This isn’t a very easy story to tell and her life is hard to humor-ize.

My Grammie Claire’s life was riddled with trauma. When my uncle died, she became a different person than the grandmother I knew when he was alive. Stephen was, in fact, her third son to die.  She gave birth to two twin boys and they died shortly after their birth. There was just so much trauma in her life, and I am sensitive to that. 

About three months after residency, in September of 2016, I surprisingly accompanied my mom to hold vigil for my Grammie during the last 4 days of her life. I thought that my grandmother was an example of how not to live my life. Instead, she somehow showed me how to live my life.

Her hospice nurse was awesome. Not only was she a regular nurse, but she was a “holistic nurse,” as well. This nurse believed that when people are dying, they go through something that is called a “life review,” in which the person watches their entire life like a movie. This pained me, because when I ruminate on certain parts of my own life, I cringe. 

The nurse assured me that at this point, my grandmother was able to review her life without judgment. Watching this “movie” helped her to prepare for her next incarnation. I don’t know if or how the nurse knew, but I had always believed in reincarnation, so this information helped me to heal.

The nurse explained to us that my grandmother specifically chose the life she had, to learn the lessons she needed to learn. She was responsible for her choices and actions, not us. It was not up to us to judge her life.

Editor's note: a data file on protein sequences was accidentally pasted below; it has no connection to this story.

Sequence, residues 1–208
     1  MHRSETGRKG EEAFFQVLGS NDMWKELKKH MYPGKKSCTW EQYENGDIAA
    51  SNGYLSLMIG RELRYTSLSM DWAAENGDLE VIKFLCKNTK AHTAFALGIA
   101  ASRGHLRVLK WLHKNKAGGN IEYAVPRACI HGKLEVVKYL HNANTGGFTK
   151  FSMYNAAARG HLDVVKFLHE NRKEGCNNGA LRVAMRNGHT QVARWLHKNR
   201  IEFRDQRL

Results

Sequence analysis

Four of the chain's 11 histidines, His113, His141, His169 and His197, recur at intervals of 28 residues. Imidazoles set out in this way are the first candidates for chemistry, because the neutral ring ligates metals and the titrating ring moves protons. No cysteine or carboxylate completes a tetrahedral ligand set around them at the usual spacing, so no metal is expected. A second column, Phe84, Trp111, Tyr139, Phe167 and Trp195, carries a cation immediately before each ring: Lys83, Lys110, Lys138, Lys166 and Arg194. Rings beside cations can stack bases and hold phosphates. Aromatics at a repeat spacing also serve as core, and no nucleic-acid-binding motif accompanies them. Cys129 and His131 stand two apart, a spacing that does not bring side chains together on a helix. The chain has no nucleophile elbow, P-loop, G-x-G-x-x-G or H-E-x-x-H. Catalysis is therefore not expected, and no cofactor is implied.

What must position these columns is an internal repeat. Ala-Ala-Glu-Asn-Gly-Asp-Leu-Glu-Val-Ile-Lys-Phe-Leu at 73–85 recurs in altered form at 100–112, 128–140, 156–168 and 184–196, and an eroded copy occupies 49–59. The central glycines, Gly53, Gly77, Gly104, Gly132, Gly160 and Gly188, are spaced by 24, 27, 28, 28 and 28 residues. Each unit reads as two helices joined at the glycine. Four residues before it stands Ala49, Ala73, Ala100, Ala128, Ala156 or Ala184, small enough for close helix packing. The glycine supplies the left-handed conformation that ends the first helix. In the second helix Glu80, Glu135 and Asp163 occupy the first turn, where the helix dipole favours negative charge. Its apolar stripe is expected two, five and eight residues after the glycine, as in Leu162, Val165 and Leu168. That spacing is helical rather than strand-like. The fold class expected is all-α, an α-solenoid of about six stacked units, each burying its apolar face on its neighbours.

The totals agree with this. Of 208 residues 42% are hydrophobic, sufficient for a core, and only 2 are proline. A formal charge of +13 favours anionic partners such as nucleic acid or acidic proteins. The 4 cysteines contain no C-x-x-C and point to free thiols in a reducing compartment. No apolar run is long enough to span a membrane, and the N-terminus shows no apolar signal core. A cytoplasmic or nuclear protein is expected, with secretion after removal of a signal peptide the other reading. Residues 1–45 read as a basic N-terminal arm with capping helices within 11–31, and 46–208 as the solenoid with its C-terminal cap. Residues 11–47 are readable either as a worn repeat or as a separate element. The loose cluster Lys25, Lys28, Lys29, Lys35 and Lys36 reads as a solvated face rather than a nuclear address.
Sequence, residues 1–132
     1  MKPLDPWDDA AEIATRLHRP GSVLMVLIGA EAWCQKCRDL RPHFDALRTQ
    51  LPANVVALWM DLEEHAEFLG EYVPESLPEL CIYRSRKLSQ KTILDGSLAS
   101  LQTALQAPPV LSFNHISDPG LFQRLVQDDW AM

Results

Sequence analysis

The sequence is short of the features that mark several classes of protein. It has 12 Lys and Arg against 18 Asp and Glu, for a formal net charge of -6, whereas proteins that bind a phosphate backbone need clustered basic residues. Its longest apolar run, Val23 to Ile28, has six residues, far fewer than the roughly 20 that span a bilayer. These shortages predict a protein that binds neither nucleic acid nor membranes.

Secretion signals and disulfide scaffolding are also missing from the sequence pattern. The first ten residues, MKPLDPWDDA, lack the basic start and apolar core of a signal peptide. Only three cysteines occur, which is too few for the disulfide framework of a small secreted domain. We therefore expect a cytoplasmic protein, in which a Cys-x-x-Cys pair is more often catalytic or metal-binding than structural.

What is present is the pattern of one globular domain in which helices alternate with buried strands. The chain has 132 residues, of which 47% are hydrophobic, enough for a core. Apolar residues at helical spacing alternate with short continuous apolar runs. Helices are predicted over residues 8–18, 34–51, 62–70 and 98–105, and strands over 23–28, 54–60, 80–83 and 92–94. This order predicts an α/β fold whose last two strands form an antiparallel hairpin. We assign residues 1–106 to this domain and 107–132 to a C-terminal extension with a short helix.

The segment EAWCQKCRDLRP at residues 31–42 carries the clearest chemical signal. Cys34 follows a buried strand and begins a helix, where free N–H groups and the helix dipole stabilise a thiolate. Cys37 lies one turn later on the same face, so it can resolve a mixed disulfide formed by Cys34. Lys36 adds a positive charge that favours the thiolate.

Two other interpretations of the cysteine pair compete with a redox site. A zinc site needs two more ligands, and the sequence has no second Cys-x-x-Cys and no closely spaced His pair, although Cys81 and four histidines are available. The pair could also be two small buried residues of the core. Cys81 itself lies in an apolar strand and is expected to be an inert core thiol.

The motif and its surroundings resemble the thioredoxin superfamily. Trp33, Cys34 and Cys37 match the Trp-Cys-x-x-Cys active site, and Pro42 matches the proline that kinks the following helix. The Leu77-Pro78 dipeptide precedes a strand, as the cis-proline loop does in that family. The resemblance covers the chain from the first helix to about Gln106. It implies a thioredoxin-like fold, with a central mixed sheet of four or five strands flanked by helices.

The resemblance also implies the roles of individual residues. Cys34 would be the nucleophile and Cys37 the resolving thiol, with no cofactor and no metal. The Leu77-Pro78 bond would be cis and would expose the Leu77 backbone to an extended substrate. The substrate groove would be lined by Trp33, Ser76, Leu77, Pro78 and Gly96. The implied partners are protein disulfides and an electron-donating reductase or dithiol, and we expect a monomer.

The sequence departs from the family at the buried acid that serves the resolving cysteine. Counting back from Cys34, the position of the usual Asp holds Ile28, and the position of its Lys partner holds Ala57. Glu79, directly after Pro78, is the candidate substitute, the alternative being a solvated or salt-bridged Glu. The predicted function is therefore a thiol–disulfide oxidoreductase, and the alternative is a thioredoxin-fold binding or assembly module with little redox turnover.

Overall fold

She could always make me laugh

My Grammie died in the early morning, while we were sleeping at home. My mother said that when she got the call, they said that she had “expired.” We find that word choice to be so weird. Like, this person is telling someone her mother just died and now she’s like a rotten piece of fruit? (I inherited the morbid side of my sense of humor from my grandmother, so please, do not be ashamed if you chuckled at that. I am sure my Grammie would have thought it was funny too. She would often say, “don’t get old, Laura!”)

Morbid jokes aside, my grandmother’s death taught me to take action. After she died, my spirituality grew wildly. Like the tomatoes she grew, or the strawberries I savored from her bushes. Like the plants she and my mom carefully selected for their gardens each Mother’s Day.